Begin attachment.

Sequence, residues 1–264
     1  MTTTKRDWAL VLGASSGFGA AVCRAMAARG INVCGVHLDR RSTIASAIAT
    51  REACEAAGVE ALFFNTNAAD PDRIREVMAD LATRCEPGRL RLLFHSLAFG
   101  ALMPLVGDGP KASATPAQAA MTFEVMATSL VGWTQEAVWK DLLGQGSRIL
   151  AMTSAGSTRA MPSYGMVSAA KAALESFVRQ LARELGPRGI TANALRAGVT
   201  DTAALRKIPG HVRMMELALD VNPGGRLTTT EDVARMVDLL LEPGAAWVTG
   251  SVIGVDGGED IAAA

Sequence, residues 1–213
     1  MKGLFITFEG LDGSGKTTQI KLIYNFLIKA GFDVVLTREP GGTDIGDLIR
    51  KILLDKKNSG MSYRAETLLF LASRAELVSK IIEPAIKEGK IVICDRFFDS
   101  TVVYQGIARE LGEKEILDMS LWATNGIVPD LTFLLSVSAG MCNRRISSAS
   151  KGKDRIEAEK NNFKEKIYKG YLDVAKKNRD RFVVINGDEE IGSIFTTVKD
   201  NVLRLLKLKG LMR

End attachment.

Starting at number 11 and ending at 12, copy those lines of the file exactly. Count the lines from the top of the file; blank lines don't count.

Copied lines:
   101  TVVYQGIARE LGEKEILDMS LWATNGIVPD LTFLLSVSAG MCNRRISSAS
   151  KGKDRIEAEK NNFKEKIYKG YLDVAKKNRD RFVVINGDEE IGSIFTTVKD